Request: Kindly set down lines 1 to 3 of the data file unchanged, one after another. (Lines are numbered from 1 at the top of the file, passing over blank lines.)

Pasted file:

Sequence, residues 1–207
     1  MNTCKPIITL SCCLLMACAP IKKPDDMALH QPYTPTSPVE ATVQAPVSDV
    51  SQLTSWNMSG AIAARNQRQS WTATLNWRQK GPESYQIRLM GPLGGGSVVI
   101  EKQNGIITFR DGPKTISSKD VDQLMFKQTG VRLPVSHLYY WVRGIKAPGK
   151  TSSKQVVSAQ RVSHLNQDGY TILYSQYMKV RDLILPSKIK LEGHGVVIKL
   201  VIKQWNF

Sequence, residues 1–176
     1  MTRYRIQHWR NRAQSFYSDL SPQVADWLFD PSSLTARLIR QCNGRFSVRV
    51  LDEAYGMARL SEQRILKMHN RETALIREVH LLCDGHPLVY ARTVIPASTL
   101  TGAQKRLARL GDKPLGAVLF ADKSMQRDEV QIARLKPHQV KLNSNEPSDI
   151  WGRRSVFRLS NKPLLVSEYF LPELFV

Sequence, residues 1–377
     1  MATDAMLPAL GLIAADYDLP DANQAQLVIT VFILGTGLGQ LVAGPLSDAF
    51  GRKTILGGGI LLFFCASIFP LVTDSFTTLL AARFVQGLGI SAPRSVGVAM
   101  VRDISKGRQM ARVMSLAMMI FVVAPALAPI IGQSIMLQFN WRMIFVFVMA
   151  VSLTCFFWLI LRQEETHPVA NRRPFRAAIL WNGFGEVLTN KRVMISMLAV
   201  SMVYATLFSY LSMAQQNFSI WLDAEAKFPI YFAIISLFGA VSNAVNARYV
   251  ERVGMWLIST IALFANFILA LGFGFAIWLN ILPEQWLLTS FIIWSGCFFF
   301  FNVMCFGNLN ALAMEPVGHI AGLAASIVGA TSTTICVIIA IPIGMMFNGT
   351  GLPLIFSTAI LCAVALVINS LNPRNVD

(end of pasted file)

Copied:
Sequence, residues 1–207
     1  MNTCKPIITL SCCLLMACAP IKKPDDMALH QPYTPTSPVE ATVQAPVSDV
    51  SQLTSWNMSG AIAARNQRQS WTATLNWRQK GPESYQIRLM GPLGGGSVVI